When it comes to animation, there's a huge scope of different styles. To help navigate these options, we've put together this list featuring 20 different animation styles, with examples we love. Summarising the main options you could choose from when creating a marketing or advertising campaign of your own.
2D Vector Animation
2D animation is flat in nature and often uses crisp block colours. The style is often referred to as being "clean". A vector line tends to have a smooth, defined edge. Some 2D animations are very simple and minimal, like this example we produced for NSPCC.
Why not type "vector" into the search bar on our work page to see other projects that fall under this category.
2D traditional cel animation
Cel animation takes its roots from the earliest form of animated films, pre-digital animation. Traditional 2D cel animation is created by hand drawing onto sheets of transparent plastic called “cels”. Each cel features one drawing with an outline on one side of the plastic and the colour is filled in on the other. These ‘cels’ are then placed over a background and photographed in sequence. When played back, they create the illusion of movement.
The modern (digital) form of cel animation uses the same principles of hand-drawing cels frame by frame. However, in the digital age each cel can be created on a computer, avoiding the need to photograph physical frames of action. Even when produced digitally, cel animation is time-consuming but the fluidity and quality of movement that can be produced is well worth the effort! As illustrated by this short animation produced here at F&E.
Animations which have a continuous flow can be truly mesmerising and memorable. Animation lends itself to a continuous technique, with clever transitions being key to creating this feeling of non-stop motion. We absolutely love this linear animation created by animation agency Giant Ant, where a linear animation technique creates a seamless and magical narrative.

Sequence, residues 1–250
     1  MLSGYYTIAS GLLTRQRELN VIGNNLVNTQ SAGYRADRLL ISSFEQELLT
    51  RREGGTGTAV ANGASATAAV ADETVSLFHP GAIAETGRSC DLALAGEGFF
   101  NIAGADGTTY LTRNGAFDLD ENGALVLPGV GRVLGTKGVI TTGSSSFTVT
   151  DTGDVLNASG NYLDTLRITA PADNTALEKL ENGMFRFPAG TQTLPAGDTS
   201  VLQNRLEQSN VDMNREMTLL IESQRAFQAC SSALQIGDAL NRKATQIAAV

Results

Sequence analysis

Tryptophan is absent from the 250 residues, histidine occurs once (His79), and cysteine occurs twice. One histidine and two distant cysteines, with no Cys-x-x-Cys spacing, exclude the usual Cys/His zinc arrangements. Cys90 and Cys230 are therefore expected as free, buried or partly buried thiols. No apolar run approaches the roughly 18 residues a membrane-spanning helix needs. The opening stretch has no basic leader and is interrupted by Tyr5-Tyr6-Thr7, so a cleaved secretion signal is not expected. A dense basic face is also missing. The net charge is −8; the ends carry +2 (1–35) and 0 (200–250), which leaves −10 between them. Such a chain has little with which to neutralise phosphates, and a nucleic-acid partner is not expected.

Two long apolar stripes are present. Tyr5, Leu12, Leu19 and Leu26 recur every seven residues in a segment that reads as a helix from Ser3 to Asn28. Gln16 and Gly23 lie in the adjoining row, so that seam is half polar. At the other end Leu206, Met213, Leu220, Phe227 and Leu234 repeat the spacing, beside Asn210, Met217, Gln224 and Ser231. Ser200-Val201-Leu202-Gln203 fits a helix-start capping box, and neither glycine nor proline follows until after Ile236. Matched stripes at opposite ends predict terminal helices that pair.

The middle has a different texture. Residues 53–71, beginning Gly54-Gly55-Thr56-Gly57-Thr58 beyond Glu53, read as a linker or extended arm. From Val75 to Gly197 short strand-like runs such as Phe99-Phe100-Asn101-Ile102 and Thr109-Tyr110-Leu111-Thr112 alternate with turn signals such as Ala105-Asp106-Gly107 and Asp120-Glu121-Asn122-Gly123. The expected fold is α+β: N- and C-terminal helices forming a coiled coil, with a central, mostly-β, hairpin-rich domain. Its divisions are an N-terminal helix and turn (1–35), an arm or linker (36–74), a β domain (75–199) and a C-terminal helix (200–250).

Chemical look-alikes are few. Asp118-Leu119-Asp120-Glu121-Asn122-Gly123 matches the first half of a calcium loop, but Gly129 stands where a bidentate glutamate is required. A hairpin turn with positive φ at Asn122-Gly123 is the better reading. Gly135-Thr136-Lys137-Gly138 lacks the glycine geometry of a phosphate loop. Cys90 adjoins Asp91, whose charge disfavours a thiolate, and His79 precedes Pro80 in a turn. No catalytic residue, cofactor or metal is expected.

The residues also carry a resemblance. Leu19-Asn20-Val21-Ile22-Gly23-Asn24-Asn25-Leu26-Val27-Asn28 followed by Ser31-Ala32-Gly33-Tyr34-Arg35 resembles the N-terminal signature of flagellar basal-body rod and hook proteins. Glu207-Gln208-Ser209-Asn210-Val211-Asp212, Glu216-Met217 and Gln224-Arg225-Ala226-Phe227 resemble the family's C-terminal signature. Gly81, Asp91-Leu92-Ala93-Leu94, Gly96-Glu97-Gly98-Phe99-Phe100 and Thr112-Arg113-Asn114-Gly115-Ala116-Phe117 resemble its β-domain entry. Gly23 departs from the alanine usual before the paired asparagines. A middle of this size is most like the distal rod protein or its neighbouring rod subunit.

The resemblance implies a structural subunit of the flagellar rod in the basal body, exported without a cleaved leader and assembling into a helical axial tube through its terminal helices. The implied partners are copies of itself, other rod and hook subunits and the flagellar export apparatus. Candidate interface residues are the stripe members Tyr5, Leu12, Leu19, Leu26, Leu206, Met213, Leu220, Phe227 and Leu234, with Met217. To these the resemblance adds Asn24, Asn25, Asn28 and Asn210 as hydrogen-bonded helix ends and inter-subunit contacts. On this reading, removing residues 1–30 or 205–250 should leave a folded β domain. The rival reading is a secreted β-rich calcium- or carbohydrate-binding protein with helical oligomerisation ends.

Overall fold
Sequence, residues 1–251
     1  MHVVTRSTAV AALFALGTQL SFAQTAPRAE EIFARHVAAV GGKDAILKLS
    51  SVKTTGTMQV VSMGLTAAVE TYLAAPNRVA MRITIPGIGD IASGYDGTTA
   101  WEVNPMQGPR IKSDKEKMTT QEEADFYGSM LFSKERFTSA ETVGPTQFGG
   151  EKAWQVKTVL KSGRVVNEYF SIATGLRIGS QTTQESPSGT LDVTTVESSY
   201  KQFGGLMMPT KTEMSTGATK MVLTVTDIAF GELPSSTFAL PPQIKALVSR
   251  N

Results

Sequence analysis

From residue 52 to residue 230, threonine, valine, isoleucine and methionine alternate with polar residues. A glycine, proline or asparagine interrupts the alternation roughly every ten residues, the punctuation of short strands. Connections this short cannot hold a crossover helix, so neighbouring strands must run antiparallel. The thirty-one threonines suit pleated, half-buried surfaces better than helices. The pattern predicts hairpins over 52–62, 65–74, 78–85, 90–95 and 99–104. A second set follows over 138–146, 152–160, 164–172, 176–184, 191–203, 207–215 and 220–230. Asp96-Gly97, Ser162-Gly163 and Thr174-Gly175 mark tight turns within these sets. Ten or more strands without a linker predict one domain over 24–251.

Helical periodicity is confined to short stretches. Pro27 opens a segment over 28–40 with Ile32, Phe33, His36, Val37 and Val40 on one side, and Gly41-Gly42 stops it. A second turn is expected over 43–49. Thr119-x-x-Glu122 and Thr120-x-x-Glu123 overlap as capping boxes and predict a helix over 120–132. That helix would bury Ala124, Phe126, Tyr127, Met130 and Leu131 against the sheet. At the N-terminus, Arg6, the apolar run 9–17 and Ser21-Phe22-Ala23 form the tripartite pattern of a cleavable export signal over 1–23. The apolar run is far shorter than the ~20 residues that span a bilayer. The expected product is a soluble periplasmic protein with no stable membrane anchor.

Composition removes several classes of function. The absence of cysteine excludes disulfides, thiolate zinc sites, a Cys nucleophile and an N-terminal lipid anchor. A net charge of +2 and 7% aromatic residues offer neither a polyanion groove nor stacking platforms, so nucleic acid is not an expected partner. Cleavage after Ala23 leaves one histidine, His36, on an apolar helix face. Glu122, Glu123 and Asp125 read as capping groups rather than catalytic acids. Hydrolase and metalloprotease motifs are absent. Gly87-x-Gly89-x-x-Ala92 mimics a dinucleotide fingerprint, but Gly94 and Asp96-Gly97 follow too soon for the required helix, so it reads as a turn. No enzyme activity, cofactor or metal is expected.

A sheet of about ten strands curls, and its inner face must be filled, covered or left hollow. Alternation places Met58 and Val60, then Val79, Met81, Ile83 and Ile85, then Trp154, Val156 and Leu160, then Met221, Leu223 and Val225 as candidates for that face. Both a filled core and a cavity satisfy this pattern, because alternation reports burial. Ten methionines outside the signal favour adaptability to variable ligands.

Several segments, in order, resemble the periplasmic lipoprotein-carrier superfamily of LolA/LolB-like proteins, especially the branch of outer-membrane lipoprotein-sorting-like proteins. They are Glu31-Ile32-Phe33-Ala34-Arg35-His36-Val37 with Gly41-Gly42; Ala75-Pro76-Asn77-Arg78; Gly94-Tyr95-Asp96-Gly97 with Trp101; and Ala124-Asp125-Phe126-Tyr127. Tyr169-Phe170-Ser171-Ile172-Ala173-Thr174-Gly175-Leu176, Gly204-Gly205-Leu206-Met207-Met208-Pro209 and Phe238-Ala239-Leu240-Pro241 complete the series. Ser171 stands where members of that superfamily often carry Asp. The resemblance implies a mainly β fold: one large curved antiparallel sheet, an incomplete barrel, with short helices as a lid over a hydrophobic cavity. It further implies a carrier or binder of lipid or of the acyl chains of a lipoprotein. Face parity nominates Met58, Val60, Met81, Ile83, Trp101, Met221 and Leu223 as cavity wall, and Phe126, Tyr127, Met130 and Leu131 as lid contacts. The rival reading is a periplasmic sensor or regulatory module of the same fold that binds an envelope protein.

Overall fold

Computer-generated animation is also known as three-dimensional (3D animation). Where 2D animation is created on the X and Y axes, 3D animation uses the X, Y and Z axes. Objects are modelled on the computer and 3D figures are rigged with a virtual skeleton. 3D animations can look hyper-realistic or take on a more cartoony feel. As illustrated by the example below from animation company Moth, 3D animations allow the camera and objects to move around in 3D space, creating a more realistic feeling of movement.
Character driven work is great for humanising a brand and building trust. Adding characters to an animation is a highly effective way of telling a story and engaging emotionally with the audience. Characters can be created in 2D, 3D, handmade as puppets or even created using stop-motion animation. We love animating characters at Fred & Eric. Here's an example of a whole cast of characters we created for a training film commissioned by Netflix.
Stop-frame or Stop Motion Animation
Stop motion or stop-frame animation is a technique where real objects are physically moved in small increments. Each movement is photographed so they appear to move when played back. Any kind of object can be animated using this technique, but puppets with movable joints (puppet animation) or plasticine figures (claymation) are most commonly used. Puppets, models or clay figures are built around an armature (a movable skeleton) to create realistic movement. Here's a beautiful example of a stop-motion animation featuring felt puppets, created by director and animator Anna Mantzaris for Global Women.
Take a look at some of Fred & Eric's stop-frame animations HERE.